Many never master, much less move beyond the most elementary and first principles of the faith. That is not to minimize those first principles; I love to hear the first principles of the gospel taught and we need to be reminded of them on a regular basis. But we do have to move past those things, building upon them. Some cannot understand, nor will they receive the stronger meat of God’s word. Notice I said that not only can they not understand them, but they don’t want to understand them either in some cases. They don’t want to seek the stronger meat of God’s word because they’re content with milk. They reject what the Bible says about how they should live because there is no basic understanding or foundation in their hearts of the authority and lordship of Christ in their lives.
You see, everything within God’s word is built upon one foundation or another, one level or another. There is nothing to be ashamed of when a baby only drinks milk. That’s natural. That’s all they can drink. There’s also nothing to be ashamed of when a person who is a newborn babe in Christ doesn’t understand very much at all about the Bible. But something is terribly wrong when one remains on milk and never develops the ability to digest normal food. They never develop an appetite or capacity for that which makes them stronger because they are satisfied with milk.
Friend, appetite is a sign of health. A healthy, thriving child of God craves a richer understanding of the Bible and a deeper relationship with Christ.
Psalm 119:97 “O how love I thy law! it is my meditation all the day.”
Commentator Albert Barnes says that expression, “O how I love thy law” in the original language is written in such a way as to imply such intense love that the writer is astonished by the fervor of his own emotion. But does your Bible sit dusty on a shelf or coffee table? Do you really love the law of God? Would you rather feed on the news and literature of the world than the Good News from heaven contained in His word? Do you have an appetite for spiritual things? Are you growing in the knowledge and understanding of the truth? Do you know more about the Bible today than you did a year ago? Do you know much more about the Bible than you did when you became a child of God? You see, that is a mark of maturity.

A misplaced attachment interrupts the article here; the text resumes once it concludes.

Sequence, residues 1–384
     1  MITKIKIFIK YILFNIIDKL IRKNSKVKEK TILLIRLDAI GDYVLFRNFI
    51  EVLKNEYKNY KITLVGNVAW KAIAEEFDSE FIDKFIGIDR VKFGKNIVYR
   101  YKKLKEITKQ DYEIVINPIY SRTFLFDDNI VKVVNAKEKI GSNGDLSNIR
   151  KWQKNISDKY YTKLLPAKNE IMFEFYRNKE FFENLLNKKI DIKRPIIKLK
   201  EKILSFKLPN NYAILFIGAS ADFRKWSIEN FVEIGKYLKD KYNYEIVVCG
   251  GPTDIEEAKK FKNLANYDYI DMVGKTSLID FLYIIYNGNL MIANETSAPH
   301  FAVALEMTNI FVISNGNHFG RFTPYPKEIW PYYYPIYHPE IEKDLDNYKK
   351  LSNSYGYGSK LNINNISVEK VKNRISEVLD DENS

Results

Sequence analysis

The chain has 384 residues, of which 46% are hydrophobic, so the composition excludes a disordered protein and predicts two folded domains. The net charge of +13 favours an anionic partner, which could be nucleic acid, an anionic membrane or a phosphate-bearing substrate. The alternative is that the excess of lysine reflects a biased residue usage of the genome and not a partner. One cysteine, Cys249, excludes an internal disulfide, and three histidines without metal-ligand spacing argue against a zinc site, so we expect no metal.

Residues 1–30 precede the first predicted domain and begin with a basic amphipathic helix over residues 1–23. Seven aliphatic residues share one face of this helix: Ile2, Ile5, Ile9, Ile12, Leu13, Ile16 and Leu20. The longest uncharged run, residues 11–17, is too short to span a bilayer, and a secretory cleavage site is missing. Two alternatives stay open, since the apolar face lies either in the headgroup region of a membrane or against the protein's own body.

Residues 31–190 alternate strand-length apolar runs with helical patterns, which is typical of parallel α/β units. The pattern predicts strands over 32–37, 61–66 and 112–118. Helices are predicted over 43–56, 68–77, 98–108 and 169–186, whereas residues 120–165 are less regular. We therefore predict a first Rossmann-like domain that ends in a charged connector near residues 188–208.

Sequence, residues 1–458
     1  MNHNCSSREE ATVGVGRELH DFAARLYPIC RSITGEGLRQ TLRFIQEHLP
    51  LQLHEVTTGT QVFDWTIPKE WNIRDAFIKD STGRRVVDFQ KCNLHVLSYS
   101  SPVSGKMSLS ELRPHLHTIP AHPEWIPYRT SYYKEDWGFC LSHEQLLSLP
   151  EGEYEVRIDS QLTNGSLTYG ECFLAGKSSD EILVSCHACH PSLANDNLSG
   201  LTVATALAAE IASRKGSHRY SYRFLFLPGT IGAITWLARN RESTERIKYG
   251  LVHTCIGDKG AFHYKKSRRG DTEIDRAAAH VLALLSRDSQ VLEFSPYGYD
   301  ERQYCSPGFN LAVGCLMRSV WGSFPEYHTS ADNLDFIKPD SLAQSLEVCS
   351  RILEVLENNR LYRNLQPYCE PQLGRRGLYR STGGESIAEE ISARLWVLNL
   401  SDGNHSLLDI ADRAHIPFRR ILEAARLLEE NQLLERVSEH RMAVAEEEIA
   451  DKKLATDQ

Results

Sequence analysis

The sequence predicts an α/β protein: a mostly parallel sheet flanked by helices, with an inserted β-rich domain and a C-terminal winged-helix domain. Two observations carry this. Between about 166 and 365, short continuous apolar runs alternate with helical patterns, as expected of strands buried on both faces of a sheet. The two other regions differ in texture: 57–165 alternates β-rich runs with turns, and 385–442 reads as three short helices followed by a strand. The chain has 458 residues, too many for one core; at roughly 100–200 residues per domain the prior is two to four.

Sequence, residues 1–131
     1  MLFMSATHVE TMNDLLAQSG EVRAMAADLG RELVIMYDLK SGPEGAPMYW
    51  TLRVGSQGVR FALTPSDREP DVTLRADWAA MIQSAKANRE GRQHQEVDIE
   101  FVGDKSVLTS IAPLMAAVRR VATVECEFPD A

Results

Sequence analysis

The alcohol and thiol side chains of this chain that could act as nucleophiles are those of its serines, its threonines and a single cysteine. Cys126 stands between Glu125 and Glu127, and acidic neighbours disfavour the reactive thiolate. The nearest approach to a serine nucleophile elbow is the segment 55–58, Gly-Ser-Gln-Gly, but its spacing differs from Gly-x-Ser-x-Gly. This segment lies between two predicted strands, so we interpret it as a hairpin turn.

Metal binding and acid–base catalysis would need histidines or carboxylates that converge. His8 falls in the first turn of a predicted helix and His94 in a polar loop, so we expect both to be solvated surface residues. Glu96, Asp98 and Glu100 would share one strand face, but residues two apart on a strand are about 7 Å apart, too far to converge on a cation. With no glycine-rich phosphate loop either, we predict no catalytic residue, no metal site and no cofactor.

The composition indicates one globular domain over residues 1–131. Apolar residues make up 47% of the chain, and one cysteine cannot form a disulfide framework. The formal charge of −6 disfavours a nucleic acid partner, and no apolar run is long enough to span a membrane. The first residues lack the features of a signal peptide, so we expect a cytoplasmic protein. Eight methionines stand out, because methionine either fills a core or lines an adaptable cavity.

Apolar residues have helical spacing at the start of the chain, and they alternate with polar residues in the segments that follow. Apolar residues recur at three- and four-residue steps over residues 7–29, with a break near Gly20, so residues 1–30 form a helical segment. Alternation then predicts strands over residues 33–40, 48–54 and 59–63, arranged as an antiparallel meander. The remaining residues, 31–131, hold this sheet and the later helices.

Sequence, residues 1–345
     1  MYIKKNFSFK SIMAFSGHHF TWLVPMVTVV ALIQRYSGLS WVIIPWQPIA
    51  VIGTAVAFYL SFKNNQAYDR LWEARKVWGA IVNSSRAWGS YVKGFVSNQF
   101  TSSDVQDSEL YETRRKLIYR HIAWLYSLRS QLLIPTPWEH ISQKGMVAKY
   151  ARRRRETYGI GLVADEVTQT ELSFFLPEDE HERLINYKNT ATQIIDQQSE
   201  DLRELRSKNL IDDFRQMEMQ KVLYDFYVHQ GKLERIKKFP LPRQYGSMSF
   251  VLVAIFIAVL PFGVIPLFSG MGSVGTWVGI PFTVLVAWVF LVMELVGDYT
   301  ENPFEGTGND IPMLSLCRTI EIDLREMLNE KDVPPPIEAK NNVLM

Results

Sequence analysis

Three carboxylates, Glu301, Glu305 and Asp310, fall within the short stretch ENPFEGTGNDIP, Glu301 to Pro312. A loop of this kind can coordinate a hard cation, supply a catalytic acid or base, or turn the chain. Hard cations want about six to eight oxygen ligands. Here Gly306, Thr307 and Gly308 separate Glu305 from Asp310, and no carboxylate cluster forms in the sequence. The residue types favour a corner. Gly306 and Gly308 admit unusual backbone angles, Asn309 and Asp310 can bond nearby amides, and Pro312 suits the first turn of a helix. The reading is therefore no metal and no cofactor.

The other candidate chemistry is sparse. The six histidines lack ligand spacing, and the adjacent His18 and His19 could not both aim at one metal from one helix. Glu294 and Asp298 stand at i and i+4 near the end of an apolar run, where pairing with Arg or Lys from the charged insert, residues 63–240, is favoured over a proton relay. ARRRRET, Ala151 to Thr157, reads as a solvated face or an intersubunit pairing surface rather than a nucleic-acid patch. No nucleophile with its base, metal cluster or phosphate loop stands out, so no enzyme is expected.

Two: A maturing Christian requires less and less discipline.
We never reach a point where we don’t need discipline in our lives, but the older and more mature we become, the more we practice self-discipline, and the less rebuke, censure and punitive measures are necessary. Again, the church at Corinth was a spiritually immature group of Christians. Therefore, Paul warned them thus:
1 Corinthians 4:21 “What will ye? shall I come unto you with a rod, or in love, and in the spirit of meekness?”
He would have to come to them with a rod of correction if they didn’t repent. In his second letter to them, he wrote that he feared that he would find them still living in their sin and fraught with envy, gossip and strife, so that he would have to inflict punishment upon them (2 Corinthians 12). You see, his hope was that they would have grown in the faith, that he wouldn’t have to come to them in that way.
A godly preacher doesn’t desire to rebuke people for their sins, but he knows that he sometimes has to in order to please God. But he desires to see change and growth because that’s what God desires to see. The more a Christian grows into the image of Christ, the more dross and impurity is purged out of him. The less one has to be rebuked and reminded of their basic duties to Christ because he become mature in those things.
Three: When we mature, we have the ability to choose our battles.
Like in our list of physical marks of maturity, it is also true spiritually. We learn to discern between the things worth fighting for and the things NOT worth fighting for. There are some things a Christian must fight for.
Jude 3 “Beloved, when I gave all diligence to write unto you of the common salvation, it was needful for me to write unto you, and exhort you that ye should earnestly contend for the faith which was once delivered unto the saints.”
That underlined phrase means to agonize over the faith.
1 Timothy 6:12 “Fight the good fight of faith…”
…But not everything is worth fighting over. The church at Corinth was fraught with controversies: wraths, strife, backbiting, tumults, personal jealousies one against the other, and so on (2 Corinthians 12:20). Why? Remember what Paul wrote in his first letter:
1 Corinthians 3:3 “For ye are yet carnal: for whereas there is among you envying, and strife, and divisions, are ye not carnal, and walk as men?”
You see, along with spiritual maturity comes the ability to distinguish between matters of truth and matters of opinion; the ability to fight for those things that are germane to our salvation, versus those things on the other hand that perhaps pertain to our own spiritual development or even our own preference. I’m not minimizing these things that we often differ over, but Paul did teach that in matters of indifference or personal liberty, we are to be patient and practice forbearance with others (Romans 14, 1 Corinthians 8).